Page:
I did not watch the early participants perform their TT as I wanted to get warmed up. However I did pay attention to Mark Wagner, the current Roller Races Champ (four years in a row?) and my unofficial time put him at just under forty seconds.

It was finally my turn, so I got myself setup on the red rollers, and proceeded to take a minute to spin the legs. Bringing it to a stop with my right foot in the start position, and Bill Riley holding me, the official counted down the start. I immediately stomped hard on the pedals and accelerated as fast as I could. I did not watch the clock. In order to keep my balance I try to focus on a point up ahead of me. I spun hard and tried not to fade in the last two laps. These last two laps last for ever when you are spinning around 160 to 180 rpm, while your heart wants to fall out of your mouth.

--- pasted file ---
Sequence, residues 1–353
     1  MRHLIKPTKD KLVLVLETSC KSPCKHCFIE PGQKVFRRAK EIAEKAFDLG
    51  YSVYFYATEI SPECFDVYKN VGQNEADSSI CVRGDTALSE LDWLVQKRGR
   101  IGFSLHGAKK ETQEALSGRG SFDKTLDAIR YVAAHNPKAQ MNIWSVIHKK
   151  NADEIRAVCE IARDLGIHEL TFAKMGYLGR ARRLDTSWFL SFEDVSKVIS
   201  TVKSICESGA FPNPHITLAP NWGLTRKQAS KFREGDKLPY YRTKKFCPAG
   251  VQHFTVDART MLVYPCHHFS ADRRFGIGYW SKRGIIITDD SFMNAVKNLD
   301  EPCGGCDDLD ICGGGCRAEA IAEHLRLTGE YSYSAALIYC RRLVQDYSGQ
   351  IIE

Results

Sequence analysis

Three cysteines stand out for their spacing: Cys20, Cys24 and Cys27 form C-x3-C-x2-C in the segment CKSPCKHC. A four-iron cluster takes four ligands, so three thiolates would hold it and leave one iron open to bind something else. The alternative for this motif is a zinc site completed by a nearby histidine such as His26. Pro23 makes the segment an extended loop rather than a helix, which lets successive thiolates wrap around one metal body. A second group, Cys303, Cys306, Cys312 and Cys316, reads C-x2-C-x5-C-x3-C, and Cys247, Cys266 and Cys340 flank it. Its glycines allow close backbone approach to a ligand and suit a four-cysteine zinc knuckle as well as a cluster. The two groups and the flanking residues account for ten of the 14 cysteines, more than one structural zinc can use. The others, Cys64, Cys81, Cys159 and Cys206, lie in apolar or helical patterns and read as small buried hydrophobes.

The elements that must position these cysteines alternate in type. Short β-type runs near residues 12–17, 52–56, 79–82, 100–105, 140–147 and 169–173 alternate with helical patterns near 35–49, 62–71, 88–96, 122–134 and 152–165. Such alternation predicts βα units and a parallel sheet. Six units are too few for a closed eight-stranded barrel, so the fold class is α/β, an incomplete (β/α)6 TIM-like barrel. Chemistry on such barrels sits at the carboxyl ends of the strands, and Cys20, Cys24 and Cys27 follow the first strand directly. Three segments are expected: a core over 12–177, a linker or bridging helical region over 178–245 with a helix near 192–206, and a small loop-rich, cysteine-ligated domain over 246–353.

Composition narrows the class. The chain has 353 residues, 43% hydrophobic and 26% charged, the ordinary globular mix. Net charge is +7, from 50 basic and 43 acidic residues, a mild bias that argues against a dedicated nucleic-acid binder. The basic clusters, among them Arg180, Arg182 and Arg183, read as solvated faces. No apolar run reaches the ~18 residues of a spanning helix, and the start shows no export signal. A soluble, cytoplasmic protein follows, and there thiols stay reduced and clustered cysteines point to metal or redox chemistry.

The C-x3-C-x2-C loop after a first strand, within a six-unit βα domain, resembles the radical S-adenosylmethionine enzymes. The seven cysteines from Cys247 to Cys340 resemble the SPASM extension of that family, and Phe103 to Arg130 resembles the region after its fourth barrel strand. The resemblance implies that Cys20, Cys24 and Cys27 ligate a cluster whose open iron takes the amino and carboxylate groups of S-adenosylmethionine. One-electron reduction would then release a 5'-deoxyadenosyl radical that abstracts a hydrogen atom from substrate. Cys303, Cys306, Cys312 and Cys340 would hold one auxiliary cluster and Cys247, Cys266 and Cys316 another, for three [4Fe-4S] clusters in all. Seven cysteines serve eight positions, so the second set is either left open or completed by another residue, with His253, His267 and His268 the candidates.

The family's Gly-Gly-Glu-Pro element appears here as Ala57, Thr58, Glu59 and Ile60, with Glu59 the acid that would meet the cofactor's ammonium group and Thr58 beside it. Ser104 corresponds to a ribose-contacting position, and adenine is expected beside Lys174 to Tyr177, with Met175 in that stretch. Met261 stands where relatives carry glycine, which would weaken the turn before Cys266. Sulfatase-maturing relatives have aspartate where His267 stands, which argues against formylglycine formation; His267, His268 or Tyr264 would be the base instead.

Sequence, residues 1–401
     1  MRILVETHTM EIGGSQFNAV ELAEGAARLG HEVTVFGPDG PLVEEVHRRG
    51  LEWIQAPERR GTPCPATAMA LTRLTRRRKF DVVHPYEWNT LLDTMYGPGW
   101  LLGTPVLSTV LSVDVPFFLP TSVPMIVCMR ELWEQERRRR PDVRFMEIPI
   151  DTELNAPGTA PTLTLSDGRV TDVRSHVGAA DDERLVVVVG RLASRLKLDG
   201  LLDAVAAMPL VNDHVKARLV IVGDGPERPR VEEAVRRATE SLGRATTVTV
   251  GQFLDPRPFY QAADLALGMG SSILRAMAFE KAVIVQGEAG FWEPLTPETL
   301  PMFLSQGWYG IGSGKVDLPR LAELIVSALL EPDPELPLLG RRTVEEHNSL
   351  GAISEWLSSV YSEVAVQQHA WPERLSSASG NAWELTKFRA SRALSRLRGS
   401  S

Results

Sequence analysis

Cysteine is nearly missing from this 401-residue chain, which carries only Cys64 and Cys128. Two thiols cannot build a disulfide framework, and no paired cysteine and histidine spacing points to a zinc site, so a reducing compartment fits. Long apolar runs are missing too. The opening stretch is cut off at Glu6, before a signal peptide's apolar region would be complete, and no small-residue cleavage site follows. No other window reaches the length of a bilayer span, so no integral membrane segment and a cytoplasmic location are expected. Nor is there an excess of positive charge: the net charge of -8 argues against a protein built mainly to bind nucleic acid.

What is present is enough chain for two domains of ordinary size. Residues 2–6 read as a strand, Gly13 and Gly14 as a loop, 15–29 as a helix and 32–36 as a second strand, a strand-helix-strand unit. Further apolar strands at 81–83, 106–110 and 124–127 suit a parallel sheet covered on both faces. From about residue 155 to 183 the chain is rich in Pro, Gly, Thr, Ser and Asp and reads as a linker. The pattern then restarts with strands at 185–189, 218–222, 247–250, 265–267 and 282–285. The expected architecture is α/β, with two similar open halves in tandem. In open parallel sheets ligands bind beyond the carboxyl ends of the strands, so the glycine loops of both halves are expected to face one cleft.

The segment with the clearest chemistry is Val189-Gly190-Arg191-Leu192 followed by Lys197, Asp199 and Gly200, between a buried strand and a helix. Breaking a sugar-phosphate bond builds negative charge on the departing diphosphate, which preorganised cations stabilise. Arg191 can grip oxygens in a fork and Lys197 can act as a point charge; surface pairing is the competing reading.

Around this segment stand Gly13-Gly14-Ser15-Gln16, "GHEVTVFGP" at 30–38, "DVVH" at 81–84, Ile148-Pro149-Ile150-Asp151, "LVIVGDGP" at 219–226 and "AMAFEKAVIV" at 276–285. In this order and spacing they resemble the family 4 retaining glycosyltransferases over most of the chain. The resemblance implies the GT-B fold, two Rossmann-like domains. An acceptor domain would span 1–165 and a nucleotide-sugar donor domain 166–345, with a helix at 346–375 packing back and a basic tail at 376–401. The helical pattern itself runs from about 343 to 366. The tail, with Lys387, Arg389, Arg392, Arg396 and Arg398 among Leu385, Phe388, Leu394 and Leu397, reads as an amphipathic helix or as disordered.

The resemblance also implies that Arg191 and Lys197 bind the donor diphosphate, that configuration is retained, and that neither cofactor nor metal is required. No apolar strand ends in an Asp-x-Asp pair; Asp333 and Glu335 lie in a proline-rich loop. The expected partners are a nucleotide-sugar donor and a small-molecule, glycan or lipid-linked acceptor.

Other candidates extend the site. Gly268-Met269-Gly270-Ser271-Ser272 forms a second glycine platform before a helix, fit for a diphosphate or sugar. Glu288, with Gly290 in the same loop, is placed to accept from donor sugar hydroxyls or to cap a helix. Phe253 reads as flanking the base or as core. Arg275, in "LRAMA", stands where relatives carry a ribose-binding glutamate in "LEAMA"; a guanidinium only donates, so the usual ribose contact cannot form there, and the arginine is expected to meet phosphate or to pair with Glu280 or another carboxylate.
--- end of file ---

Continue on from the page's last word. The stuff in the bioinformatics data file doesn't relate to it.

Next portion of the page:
After I got off rollers and feeling all shaky, the officials laid out the times and I was told I got the second fastest behind Mark. Wow! I was not expecting that. This good news was most welcomed because I would not have to face Mark right away like last year. The order was:

1. Mark Wagner 39.62*
2. Andrew Johnson 42.72
3. Paul Colluccio 44.75
4. DJ Tobback 44.76
5. Bill Liffiord 45.45
6. Yorell Pachon 48.07
7. Roman Grinnell 51.50
8. Ray Garcia 53.56

* Fastest time in the event history and 1st rider to set a time of under 40 seconds for the 6 laps.

In the first race Mark defeated Ray Garcia, which meant that I was next. I went up against Roman Grinnell. Since I was the highest seeded, I got to pick the rollers. The legend is that the red rollers are the faster ones. So I picked red. When the official said go, I pushed hard to get the pedals up to speed as fast as I could. I wanted to open a gap on Ray and just try to manage it from there. Two laps in I had a decent five second gap or so on him.